Last year, the artist collaborated on a performance of Atys, and you can see the massive rope installation she created for that production in the video below. Find more of her corporeal projects on Instagram.
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Through Wasp Nest Sculptures and Encaustic Drawings, Valerie Hammond Preserves the Ephemeral
Nature is replete with layering, as seen in the soft tissues of a flower’s petal, the cellular makeup of human skin, or the paper-thin walls of insect nests. Although delicate themselves, these layers offer protection from the more fragile insides and are subsequently prone to change, often through natural decay and exposure to the elements. Valerie Hammond (previously) is drawn to these fleeting moments of life and their inevitable transformation, which she explores through an artistic practice centered around preservation and its limits.
Now based in the Hudson Valley after decades in the East Village, Hammond has spent nearly twenty years considering how quickly an existence can emerge and perish, a theme that emerged during the AIDS crisis in the U.S. Her practice is largely focused on the corporeal and the inherent ephemerality of the human body, which she merges with botanicals in her ongoing series of encaustic drawings.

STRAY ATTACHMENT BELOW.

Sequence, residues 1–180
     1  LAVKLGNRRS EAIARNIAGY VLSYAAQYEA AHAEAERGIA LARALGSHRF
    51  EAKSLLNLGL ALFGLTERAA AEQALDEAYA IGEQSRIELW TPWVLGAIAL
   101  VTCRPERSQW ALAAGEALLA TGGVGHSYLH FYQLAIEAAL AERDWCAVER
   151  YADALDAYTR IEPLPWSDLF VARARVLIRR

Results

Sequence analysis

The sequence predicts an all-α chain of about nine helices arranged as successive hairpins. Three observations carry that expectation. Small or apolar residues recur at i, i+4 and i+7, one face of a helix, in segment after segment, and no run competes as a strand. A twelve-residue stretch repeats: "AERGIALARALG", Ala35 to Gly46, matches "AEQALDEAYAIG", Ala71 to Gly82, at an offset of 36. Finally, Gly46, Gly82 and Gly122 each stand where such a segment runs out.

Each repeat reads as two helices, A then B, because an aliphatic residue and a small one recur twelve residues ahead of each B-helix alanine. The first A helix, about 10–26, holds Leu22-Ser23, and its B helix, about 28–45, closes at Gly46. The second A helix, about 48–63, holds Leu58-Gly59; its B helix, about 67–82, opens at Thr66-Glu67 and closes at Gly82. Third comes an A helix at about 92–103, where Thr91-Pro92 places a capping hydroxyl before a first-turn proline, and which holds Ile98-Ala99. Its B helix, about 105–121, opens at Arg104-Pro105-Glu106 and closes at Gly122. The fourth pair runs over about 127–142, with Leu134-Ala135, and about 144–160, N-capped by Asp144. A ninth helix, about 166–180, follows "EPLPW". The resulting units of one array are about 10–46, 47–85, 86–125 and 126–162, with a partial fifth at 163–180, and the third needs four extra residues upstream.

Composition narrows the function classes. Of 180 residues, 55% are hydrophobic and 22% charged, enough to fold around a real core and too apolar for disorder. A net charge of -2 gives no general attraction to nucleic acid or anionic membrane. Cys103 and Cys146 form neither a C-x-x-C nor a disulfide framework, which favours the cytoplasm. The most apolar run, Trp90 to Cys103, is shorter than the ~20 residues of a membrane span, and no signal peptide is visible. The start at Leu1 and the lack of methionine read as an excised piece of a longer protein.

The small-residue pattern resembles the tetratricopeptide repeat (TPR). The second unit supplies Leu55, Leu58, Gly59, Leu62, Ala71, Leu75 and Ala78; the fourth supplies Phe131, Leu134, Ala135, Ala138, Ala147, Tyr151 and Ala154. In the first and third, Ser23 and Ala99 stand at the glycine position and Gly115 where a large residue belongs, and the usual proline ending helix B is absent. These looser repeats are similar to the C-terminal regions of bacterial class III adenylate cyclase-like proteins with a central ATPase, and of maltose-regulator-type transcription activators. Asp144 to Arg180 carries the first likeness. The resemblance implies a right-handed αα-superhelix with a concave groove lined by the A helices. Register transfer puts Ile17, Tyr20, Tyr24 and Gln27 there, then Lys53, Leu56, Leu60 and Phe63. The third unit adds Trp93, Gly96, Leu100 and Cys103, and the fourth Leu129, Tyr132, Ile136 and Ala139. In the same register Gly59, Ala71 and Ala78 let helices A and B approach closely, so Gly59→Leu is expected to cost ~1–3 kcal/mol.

Using her own limbs and those of her children, friends, and family, Hammond traces outstretched hands and layers the translucent renderings with fresh flowers, pencil markings, wax, and other materials. She portrays the similarities between the vascular and skeletal systems and the structure of ferns and other botanicals, and many works are scaled to the actual size of the human body, preserving the dimensions of a child’s wrist or woman’s fingers as they were in a particular moment. As the series evolves and grows, the pieces offer insight into “how we experience nature and the many ways we might allow it to change us, and the various skins and outer shells that we shed in order to transition to new, and possibly more whole, selves.”